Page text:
wardell books

Cultivating Relationships

Cultivating Relationships

Given our goal of developing “lifelong customers,” your work does not end with the sale, so before you can develop your sales systems, you must first develop systems for maintaining your current and future customers over the long-term. Should you do this in the reverse order, you may well succeed in starting your customer relationships off right, but as your customer base grows, maintaining those relationships will become increasingly difficult.

Maintaining strong, lifelong customer relationships takes more than a smile and a friendly handshake. It takes a consistent effort. Unfortunately, your customers will not usually go out of their way to maintain a relationship with you, and a solid customer relationship cannot maintain itself, so that leaves the ball in your court. Your salespeople need to take a proactive approach to your customer relationships or eventually, those relationships will fizzle out. Keeping customer relationships alive takes work, and that means time, energy, and other resources.

Exactly how to spread those resources out, however, can be a controversial subject for some. Should you treat all of your customers the same? Is equality really the right approach when your resources are limited? Some would say yes, all of your customers are important, but is that right? After all, do all of your customers provide your business with equal value? In truth, no matter how targeted your promotional efforts are, you will still attract a variety of customer types. Some will return month after month to do business with you while others may return only occasionally. Some will make large purchases while others will make small ones. Some will send referrals your way on a regular basis while others will never make this effort. The point is that different customers are worth different amounts to your business and should be treated accordingly.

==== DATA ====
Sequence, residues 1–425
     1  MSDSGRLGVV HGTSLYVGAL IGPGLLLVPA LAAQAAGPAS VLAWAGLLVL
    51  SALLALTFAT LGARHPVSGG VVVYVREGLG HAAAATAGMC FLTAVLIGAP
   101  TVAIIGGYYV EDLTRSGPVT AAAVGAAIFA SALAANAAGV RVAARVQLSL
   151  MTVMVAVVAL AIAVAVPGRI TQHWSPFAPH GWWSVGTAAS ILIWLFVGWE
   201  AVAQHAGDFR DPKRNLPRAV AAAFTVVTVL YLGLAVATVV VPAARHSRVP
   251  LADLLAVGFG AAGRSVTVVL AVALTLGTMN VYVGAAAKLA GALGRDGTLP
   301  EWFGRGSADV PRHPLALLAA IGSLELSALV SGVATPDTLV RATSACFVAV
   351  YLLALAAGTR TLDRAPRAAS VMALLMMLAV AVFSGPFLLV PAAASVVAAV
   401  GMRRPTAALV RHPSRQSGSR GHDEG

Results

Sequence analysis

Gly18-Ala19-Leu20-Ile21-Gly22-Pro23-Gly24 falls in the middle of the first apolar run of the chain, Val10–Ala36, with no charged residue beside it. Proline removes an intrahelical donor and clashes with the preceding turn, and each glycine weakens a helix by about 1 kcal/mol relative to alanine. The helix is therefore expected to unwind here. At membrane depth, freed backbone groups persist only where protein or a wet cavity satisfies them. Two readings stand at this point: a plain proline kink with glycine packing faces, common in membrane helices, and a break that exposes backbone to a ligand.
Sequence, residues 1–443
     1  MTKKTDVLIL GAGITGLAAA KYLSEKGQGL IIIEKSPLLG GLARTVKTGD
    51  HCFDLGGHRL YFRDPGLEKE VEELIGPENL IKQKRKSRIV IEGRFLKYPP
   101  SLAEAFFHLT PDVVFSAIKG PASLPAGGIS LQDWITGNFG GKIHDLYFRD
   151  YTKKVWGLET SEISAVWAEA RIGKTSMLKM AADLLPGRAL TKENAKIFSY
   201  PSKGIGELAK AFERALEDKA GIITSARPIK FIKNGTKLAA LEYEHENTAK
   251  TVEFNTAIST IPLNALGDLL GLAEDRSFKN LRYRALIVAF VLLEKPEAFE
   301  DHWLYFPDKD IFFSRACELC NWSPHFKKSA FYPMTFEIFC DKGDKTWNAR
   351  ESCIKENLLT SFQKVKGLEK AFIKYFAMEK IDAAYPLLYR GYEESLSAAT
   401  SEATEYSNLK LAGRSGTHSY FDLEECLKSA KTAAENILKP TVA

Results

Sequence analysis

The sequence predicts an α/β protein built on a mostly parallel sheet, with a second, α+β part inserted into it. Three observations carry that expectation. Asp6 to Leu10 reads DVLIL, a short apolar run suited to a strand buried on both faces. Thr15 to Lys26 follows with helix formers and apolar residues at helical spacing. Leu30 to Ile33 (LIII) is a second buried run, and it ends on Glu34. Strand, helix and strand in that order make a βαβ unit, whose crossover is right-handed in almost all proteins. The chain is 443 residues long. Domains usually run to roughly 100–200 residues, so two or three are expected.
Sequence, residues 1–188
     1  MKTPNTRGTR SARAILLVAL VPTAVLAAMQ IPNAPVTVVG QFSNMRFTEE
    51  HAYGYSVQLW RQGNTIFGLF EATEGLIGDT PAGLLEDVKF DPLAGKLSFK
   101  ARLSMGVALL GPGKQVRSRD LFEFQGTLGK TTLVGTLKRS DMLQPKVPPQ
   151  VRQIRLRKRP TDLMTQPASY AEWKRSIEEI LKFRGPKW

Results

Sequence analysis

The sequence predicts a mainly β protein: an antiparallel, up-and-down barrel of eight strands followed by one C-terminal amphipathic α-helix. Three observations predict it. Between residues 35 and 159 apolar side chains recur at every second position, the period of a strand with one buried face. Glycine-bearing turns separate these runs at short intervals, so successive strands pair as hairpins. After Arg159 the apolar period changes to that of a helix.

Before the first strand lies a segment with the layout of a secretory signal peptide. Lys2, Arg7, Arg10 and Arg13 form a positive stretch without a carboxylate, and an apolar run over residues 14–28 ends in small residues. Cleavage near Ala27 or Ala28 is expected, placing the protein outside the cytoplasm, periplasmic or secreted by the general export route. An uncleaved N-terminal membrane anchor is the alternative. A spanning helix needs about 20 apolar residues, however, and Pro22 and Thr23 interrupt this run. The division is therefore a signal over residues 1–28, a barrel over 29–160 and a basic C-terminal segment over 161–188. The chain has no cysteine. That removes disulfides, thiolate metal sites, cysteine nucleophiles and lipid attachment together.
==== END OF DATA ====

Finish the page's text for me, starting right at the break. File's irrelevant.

If you don’t have statistics on your customer purchase history with your business, you can always begin with the “Pareto Principle” we discussed in Operations, or as it is more commonly known, the “80:20 rule.” Applied here, the implication is that 80 percent of a company’s business comes from 20 percent of its customers. The exact percentages may differ from industry to industry and even from business to business, but the general concept is still sound. Your best customers give you most of your business.

This is not to say that you should treat your less valuable customers poorly. You should never treat any of your customers poorly and you should have a minimum standard for the way you treat all of your customers, but perhaps some may be deserving of special attention. If this is the case, you’ll need a method of clearly identifying your more valuable customers.